Bernstein Shur Monthly – May 2018
Bernstein Shur Rolls Out Greatly Expanded Parental Leave Policy
Bernstein Shur is thrilled to announce its adoption of an industry-leading parental leave policy. This expanded policy provides 16 weeks of paid leave to all new parents (attorneys and staff members) regardless of gender. In particular, the policy removes any distinction between “primary” and “secondary” caregivers and provides equal benefits to all new parents as a result of birth, adoption or foster care placement. The policy provides all new parents with a great deal of flexibility as to how to use their paid leave time, and the policy benefits are immediately available when a new employee joins the firm.
Bernstein Shur’s Board of Directors unanimously adopted the policy after soliciting substantial feedback from all associates and other interested stakeholders. The firm is committed to supporting all of its employees through the various stages of their careers. This policy change is specifically aimed at supporting new parents during a particularly challenging period.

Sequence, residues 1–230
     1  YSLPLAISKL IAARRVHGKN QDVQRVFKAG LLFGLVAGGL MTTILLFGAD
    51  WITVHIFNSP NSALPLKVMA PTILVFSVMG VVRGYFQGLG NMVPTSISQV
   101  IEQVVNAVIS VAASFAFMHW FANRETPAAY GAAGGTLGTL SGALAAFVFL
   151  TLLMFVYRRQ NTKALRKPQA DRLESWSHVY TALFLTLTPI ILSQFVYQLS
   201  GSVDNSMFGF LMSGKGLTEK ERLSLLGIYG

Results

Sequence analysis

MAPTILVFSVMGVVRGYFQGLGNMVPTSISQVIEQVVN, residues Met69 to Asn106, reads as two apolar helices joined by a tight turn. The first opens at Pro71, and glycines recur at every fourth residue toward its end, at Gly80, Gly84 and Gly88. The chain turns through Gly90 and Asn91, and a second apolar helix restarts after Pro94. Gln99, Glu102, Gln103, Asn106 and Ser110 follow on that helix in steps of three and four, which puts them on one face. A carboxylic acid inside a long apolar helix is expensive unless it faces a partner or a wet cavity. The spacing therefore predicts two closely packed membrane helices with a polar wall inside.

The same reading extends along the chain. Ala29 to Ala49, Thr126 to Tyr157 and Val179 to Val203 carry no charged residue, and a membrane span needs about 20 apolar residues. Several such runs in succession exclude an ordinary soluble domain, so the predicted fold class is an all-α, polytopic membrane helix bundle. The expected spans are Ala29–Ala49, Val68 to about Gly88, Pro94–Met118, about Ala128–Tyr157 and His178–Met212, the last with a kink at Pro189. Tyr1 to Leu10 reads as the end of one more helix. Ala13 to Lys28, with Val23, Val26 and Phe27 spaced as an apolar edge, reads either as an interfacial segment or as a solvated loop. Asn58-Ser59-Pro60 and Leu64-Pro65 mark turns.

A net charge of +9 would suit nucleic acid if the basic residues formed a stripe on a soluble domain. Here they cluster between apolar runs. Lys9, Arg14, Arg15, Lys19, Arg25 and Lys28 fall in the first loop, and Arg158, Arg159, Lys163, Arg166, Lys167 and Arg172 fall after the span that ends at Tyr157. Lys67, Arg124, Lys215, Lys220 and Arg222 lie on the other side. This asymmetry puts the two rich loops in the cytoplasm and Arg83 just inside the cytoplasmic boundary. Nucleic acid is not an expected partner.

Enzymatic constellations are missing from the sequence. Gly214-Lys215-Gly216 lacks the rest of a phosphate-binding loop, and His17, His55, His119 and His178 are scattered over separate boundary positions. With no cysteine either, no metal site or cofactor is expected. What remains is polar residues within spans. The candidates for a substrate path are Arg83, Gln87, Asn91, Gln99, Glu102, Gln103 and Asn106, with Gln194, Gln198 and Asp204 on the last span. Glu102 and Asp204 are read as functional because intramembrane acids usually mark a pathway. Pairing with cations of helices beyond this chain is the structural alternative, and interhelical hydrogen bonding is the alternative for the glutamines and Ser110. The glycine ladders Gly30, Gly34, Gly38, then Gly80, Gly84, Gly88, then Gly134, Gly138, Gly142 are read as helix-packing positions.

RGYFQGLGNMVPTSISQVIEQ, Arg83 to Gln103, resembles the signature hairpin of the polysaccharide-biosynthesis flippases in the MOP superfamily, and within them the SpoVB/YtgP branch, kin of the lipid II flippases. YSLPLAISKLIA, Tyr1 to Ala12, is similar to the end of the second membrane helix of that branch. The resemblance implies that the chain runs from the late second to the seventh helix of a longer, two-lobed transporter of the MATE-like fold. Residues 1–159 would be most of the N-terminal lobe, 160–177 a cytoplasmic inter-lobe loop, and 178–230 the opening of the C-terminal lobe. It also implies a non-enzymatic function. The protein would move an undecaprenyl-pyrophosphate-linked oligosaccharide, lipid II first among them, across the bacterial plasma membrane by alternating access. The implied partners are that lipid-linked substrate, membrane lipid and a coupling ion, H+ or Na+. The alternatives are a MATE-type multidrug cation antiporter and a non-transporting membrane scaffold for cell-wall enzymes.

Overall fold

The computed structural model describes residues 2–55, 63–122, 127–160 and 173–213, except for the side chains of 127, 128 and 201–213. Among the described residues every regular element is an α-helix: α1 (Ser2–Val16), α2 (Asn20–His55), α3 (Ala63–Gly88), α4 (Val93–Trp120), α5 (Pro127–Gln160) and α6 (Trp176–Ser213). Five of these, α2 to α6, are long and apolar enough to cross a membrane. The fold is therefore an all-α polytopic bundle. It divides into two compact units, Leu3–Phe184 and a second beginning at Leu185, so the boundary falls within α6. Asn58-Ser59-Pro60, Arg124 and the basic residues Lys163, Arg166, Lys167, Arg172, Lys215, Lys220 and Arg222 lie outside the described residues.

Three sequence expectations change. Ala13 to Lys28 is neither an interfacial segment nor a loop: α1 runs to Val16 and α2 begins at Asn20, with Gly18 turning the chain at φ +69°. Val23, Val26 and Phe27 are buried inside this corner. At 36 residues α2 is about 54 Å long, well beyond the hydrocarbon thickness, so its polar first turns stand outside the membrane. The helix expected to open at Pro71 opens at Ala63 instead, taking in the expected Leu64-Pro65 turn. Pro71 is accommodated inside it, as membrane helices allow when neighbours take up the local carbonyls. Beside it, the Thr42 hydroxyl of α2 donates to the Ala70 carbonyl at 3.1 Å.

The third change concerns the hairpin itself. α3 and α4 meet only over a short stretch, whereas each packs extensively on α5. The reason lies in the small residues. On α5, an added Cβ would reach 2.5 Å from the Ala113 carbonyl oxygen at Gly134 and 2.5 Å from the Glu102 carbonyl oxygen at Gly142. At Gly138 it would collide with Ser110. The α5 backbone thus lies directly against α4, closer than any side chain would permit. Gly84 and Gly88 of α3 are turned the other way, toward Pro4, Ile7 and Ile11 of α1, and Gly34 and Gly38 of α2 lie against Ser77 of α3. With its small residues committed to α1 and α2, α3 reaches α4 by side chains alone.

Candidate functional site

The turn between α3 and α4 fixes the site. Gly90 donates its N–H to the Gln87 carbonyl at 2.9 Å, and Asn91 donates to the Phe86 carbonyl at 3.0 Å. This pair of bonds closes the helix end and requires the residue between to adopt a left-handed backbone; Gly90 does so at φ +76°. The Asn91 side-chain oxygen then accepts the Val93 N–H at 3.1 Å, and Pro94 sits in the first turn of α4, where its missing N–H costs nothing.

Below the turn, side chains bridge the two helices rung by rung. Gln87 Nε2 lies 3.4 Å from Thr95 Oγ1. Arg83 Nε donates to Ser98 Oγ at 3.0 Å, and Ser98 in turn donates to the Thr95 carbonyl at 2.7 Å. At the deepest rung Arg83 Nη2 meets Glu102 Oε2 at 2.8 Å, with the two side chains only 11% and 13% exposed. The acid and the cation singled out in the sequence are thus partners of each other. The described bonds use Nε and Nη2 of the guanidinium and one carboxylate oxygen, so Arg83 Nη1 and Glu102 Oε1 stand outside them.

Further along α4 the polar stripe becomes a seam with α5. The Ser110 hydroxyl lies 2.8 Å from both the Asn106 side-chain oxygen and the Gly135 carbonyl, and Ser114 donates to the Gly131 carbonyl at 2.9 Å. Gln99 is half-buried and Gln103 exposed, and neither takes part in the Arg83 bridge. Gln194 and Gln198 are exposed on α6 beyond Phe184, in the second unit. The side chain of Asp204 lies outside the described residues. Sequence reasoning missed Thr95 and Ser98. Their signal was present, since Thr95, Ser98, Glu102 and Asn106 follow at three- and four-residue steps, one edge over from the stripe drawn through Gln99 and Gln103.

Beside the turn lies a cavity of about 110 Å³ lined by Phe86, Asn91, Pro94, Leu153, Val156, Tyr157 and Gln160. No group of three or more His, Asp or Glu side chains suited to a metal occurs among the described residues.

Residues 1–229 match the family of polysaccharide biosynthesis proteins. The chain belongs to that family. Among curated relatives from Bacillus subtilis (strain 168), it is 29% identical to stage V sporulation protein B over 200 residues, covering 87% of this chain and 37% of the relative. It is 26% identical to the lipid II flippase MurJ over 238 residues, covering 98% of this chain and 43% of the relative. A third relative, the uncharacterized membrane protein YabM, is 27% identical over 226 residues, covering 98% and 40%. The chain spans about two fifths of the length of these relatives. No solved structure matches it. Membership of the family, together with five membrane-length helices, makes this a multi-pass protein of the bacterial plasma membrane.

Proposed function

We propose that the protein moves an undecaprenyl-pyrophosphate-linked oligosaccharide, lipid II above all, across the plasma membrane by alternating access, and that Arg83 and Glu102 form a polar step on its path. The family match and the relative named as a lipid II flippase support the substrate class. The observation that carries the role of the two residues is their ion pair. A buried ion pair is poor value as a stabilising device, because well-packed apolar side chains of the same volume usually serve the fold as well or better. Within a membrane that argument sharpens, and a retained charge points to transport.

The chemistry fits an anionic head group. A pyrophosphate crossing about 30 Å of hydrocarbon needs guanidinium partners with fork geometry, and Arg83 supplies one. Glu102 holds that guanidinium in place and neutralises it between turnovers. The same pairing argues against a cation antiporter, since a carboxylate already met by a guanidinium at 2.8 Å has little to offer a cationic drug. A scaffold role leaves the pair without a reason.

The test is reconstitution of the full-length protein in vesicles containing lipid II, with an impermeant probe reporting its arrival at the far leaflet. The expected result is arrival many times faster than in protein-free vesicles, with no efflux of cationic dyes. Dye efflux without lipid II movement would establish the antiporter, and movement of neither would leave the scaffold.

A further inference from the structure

As a result of the expanded policy, the firm’s new parents will now have the option to take their leave (a total of 80 business days) any way they choose, as long as it is taken in the first year after becoming a new parent. For example, a new parent could be out of the office entirely for 8 weeks, and then return and take the remaining 40 business days of paid leave by working a three-day work week and getting two paid days off for 20 additional weeks. New parents will retain the ability to take up to an additional 12 weeks of unpaid leave.
“We believe this policy puts our firm in a leadership position on parental leave and we are proud to take this step forward in support of our new parents,” said CEO Pat Scully. “This allows them to focus on the early stages of parenting and to more gracefully and purposefully integrate the demands of work and home.”
“It is a particularly challenging time for attorneys when they become new parents and are first learning to balance the new demands at home with a challenging professional career,” said Joan Fortin, Shareholder, Director of Attorney Recruiting and member of the firm’s Board of Directors. “Our firm is always looking for better ways to support our attorneys through this part of their careers so we retain talented people and help them avoid the need to make a choice between family and career. Lower attrition is better for our clients, our people and our bottom line.”